Keep Your Damn Hands Off My TBR Pile . . . or, how to keep life-changing tidying-up from sucking your will to live

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I recently indulged in the new tidying-up phenomenon – the lifestyle of minimalism and possession-free living, and I embraced almost all of the tenets of disposal.

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Find it here on Goodreads

I listened to an audiobook in my car about how throwing out just about everything in your house will lead to a life of contentment, fulfillment, practically ascetic nirvana. Yes! Throwaway throwaway throwaway! What the hell do we need eight bath towels for?! Out they go! 16 drinking glasses? Are you kidding me? Buh-bye! Let’s donate everything. What the flim-flam are all these pillows doing in here? “Minimalism!” I shout, ready to paint my face Braveheart blue and rally the troops. All we really need in this four-bedroom house is a fork, a roll of toilet paper, and a sleeping bag, right?

Oh, and those 2,600 books up there on the walls. Those can stay.

“But, oh crap. What am I going to do with these?!” I stand back and survey my to-be-read pile, which is not really a pile, but shelves. And these are just my TO READ books, not my ALREADY READ books, which take up several more bookcases. Two book cases’ worth of to-read shelves. With piles on top. And I just balanced seven new books on top of those piles with Jenga-master-like precision.

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TBR bookcase #1

My husband, Dan*, stands behind me and puts his hand on my shoulder, comforting me as though we’re standing in front of a coffin. His TBR pile/shelf/embarrassment of riches is almost as shaming as mine. “It’s going to be okay,” he says. Pat, pat, pat. “It’s fine.”

“But, I really should stop.” I place my hand over the top seven books, chagrined, as though that will hide anything.

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TBR bookcase #2                                                     *Note beautiful portrait of my cat, Henry, painted by my dear friend, as well as votive candle to St. Margaret Atwood

Then, something profound happened. A Zen moment. Epiphany and wonderment. Dan asks, “Does buying books make you happy?”

I turn and look at him, transformed.

YES. YES, IT DOES.

“Then buy them,” says the oracle. And, I remember, the audiobook told me not to throw away things that make me happy. They can all stay! All 578 of them! I happily boxed up old toys, outgrown or unneeded clothes, knowing that all my precious literary darlings would be safe.

Then that Spartan minimalist harpy went rogue: “Pare down the books,” she commanded. Get rid of all of them, she practically advised, even the ones you love. You’re never really going to re-read them, are you? Those books you kinda loved? Pitch ‘em. What about your absolute favorites? Eh, they can go. You got what you needed and now they’re just rotting paper. Kick ‘em to the curb. Are you actually going to read all those purchased books “someday”? Somehow, she instructs, they’re ruining your life. I’m paraphrasing here, but you get the idea.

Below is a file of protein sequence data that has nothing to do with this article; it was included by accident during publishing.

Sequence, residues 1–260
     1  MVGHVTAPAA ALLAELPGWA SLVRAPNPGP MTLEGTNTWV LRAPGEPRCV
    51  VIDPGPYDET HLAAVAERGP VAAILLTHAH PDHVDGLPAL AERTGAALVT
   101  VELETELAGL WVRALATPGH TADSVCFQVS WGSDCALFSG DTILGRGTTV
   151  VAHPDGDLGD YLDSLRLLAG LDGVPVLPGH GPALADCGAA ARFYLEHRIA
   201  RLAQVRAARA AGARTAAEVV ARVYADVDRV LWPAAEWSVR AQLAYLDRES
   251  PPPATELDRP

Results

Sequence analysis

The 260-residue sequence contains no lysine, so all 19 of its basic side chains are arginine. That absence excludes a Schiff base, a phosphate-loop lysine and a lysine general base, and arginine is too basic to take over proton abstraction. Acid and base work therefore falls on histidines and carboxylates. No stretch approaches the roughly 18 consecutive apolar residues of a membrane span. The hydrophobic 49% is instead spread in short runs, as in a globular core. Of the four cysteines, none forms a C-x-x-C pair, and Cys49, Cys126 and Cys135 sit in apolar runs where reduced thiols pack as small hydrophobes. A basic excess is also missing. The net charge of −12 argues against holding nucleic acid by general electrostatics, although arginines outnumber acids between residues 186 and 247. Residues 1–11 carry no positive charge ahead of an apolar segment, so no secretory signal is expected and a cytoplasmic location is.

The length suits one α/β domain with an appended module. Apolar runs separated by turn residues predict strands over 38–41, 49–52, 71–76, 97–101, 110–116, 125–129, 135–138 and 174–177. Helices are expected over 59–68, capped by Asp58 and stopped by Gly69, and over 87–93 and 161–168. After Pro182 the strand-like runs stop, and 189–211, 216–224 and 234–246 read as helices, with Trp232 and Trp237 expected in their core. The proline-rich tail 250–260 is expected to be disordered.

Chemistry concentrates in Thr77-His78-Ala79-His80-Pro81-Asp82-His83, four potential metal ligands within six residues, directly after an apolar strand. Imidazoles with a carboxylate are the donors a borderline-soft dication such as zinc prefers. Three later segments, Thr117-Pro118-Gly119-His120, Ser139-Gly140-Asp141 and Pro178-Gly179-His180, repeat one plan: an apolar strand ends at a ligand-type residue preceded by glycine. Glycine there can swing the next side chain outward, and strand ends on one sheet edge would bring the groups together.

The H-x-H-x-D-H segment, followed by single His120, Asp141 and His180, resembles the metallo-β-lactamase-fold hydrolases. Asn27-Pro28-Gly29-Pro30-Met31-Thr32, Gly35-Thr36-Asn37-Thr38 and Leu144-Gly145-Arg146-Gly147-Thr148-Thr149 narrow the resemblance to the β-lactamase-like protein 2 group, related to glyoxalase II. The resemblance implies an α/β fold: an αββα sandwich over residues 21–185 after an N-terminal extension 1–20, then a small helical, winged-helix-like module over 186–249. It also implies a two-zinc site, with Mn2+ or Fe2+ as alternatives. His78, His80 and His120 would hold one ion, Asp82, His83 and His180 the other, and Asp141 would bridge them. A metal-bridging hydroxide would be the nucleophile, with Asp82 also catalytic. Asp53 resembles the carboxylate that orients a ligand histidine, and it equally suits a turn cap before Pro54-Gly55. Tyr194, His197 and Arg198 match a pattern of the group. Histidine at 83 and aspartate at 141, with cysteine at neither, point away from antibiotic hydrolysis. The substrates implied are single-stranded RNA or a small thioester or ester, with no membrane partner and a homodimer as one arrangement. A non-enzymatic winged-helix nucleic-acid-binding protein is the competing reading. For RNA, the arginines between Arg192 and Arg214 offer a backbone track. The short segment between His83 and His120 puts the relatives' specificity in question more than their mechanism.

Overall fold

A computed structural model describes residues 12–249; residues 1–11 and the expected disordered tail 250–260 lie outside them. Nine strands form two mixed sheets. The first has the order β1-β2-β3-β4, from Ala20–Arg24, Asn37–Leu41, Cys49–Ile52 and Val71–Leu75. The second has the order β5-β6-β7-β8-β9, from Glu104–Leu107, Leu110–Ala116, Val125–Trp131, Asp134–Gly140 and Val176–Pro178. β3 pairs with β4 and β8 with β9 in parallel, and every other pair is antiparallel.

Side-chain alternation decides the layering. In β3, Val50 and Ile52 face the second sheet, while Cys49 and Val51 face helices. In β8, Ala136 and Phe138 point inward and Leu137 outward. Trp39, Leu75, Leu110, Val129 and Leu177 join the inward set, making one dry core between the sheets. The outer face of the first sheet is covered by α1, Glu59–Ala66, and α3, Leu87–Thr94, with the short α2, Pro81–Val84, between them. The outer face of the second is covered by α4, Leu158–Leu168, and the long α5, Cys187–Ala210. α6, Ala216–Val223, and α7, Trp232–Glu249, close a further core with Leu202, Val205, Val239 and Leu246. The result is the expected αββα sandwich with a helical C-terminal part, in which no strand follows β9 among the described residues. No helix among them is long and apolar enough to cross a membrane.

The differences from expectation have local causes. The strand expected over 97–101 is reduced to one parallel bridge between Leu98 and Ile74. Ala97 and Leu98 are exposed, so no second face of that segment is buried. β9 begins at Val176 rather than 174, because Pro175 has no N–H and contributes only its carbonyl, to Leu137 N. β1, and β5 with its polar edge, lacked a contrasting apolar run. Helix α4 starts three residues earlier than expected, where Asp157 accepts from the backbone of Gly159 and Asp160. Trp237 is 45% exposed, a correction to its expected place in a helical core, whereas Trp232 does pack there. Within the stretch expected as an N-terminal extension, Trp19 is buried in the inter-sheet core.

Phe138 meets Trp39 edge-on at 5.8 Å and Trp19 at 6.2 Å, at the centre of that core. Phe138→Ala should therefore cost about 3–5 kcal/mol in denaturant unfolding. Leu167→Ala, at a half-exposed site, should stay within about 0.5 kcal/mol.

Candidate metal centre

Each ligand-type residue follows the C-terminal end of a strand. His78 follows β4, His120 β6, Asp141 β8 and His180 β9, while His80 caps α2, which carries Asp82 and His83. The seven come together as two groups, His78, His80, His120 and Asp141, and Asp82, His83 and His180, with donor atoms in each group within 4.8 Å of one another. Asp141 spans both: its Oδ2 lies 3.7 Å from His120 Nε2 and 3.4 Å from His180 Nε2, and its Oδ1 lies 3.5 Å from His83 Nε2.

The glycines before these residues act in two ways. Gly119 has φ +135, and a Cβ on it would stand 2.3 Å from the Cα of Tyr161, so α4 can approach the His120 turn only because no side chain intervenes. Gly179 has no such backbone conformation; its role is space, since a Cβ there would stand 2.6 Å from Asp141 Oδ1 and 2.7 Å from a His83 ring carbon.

“Oh no you don’t, LADY!” I screamed at the audiobook. “YOU’RE ruining my life with your cavalier disregard!”

Dan sighs and shakes his head at me. “I think this part of the book just doesn’t apply to you.”

I call bunk on the book paring, especially the electronic books. What does it hurt? Is anyone suffering because I have 350 e-books on my Kindle Fire? No! And here’s the secret: I’m not suffering, either! Lady Bookless on my audiobook may disagree, and for some people having a tidy shelf with three or four books on it is sufficient and the first step to carefree living. To me, however, that is akin to stripping me of my identity.

And if you’re like me, I urge you to embrace your TBR pile, however grossly overfed it may be. Revel in it. Celebrate it! These are your choices for happiness! Swim in them like Scrooge McDuck!

Float away to complete bliss riding on the ship of your book piles. If you’ve Japanese-tidied, then you don’t have anywhere to sleep anyway because you gave away all your bed linens. Curl up on all your unread books and sleep with contented ownership. Dream of all the books you have yet to buy.

 

*Dan is not Dan’s real name. Our youngest child couldn’t say “Dad.” It came out “Dan.” Now we all call him Dan. Or, more specifically, his full moniker: Dan, Dan, the Garbage Can.

3 thoughts on “Keep Your Damn Hands Off My TBR Pile . . . or, how to keep life-changing tidying-up from sucking your will to live”

  1. I am too cheap to buy many books and after much time expecting to hate it, I love reading through the kindle app. But my ipad is nearly full and never know what books I should delete since getting more is not optional. Maybe I enjoy my digital clutter. Maybe I should spend less time with it and more time getting Henry’s comrades painted.

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  2. Great post! I, too, have recently gone through a Clear Out the Clutter phase. I now have 25 pieces in my entire wardrobe (well, not underthings) and it feels so awesome! I don’t collect physical books To Be Read because, well, I’m cheap. But the books on my Goodreads list are all books I really truly want to read, so I’m trying really hard to not add any books to my list until I get through most of them. I have told myself that once I’ve read all of my current TBR that are downloadable through my library then I can start adding more books to my list.

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